Spencer Brownstein ’18

April 4th marked the first night of the College Unions Poetry Slam Invitational (CUPSI), an international slam poetry tournament for college students sponsored by the Association of College Unions – International (ACUI). This year, the tournament is hosted by Temple University in Philadelphia. As we speak, teams from all across the country, Canada, and the UK are going toe-to-toe, wielding poems and slamming in the name of glory! Of course, Macalester is not missing this party.

This marks my second year as a member of Macalester’s CUPSI team, and I couldn’t feel prouder of the work my teammates and I have put in over the semester. The team is comprised of five Macalester students but is not limited to members of the MacSlams Organization or the English Department. We all won our spots last semester by participating in one of three monthly slams organized by MacSlams. The people who placed in the top three of each of those monthly slams earned a place in the December Grand Slam. The top four competitors in the Grand Slam became the 2018 Macalester CUPSI Team, with the person in fifth as our alternate. I actually took first place at Grand Slam, which was pretty cool. My fellow teammates are John Ratz ’18, Jonathan Amezquita ’18, James Hartzer ’20 and Janey Fredman ’21. Our coach is also a Mac alum, Oliver Schminkey ’16.

Once the team was decided, we started working over winter break by doing a 30/30, writing thirty poems over thirty days. These poems weren’t meant to be polished. The exercise was just a means to get us in the mode of writing constantly.

When the spring semester began, we started practicing once a week, where it is a rule to always bring something new, be it a brand new poem or big edits made to an older one. Our coach would then lead a workshop where we took turns editing all of the poems for that session. We worked hard to maintain a professional yet inclusive and positive space. We wanted to make sure everyone could speak up when they had edits to offer. During these workshops, the person being edited mostly remained silent, a practice we adopted to aid the poet in question to absorb and understand all of the critiques they were given, even if they wouldn’t be used in later drafts.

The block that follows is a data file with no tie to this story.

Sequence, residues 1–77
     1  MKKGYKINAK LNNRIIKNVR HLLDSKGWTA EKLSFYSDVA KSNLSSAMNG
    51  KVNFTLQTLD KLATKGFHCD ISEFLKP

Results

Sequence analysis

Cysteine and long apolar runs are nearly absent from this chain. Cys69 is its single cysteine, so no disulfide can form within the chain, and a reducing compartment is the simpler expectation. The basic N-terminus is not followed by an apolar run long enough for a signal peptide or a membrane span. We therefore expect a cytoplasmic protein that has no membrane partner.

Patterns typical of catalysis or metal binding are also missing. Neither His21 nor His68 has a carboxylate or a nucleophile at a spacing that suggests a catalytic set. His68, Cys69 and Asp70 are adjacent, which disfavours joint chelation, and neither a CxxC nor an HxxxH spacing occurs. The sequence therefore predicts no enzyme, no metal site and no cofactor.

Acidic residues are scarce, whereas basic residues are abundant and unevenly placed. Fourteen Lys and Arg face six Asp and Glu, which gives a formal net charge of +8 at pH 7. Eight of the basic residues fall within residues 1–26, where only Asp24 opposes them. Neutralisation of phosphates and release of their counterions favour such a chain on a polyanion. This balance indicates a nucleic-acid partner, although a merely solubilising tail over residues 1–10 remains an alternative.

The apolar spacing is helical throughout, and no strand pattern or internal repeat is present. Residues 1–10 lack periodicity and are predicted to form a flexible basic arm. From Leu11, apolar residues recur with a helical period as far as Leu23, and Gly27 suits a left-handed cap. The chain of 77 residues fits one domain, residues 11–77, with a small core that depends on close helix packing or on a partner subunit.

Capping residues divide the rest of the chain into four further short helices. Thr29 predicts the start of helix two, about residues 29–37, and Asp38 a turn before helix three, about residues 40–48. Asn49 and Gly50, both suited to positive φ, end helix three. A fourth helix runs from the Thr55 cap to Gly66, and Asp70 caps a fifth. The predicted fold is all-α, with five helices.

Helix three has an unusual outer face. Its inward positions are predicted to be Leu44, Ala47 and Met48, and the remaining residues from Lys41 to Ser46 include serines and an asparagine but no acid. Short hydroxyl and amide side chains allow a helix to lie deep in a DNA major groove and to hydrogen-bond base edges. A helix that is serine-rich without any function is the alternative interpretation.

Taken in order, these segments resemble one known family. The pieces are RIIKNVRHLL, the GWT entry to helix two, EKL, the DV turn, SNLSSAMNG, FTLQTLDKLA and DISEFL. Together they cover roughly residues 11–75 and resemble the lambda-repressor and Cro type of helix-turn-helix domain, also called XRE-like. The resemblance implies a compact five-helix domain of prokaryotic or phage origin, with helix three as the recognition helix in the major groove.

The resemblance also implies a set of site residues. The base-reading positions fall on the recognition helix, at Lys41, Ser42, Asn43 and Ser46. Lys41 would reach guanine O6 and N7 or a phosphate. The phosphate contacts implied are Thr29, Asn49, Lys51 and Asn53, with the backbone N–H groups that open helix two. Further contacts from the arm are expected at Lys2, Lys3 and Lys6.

As productive as our weekly workshops were in generating content, it was our team retreat that really shifted us into high gear. It is a MacSlams CUPSI team tradition to go on a short trip every spring break for some group bonding and intensive workshopping. We stayed at the Grand Casino in Mille Lacs (where I happened to win $200 on video poker), and over the course of our two day stay we spent about 13 hours holed up in our hotel room workshopping.

The hard work paid off! John and I, the two current members who have competed at CUPSI before, each wrote 4 poems that we think are really solid. After my last retreat two years ago, I only had one. It’s an amazing problem to have too many good poems we could use in the tournament.

Our “No New Edits” deadline came shortly after spring break, and we shifted workshop time from writing to performance. We only had about five days to memorize our poems, and that was only the tip of the performance iceberg. Our coach had a number of wacky exercises up their sleeve. Sometimes we had to try to get through the whole piece while the rest of the team heckled us. Once we had to stand a foot away from a partner and simultaneously yell our poems at each other to practice memorization. The longest and most grueling performance exercise, in my opinion, was “Start & Stop,” where we tried to perform our poems perfectly, but whenever we made any sort of mistake we had to stop and repeat ourselves over and over again until the performance was perfect.

On April 4th, we met up at three in the morning to catch our flight to Philadelphia. The tournament began soon after we landed, and later tonight we will compete in our second preliminary bout. As a team, we’d all really like to make it to semifinals, so wish us luck!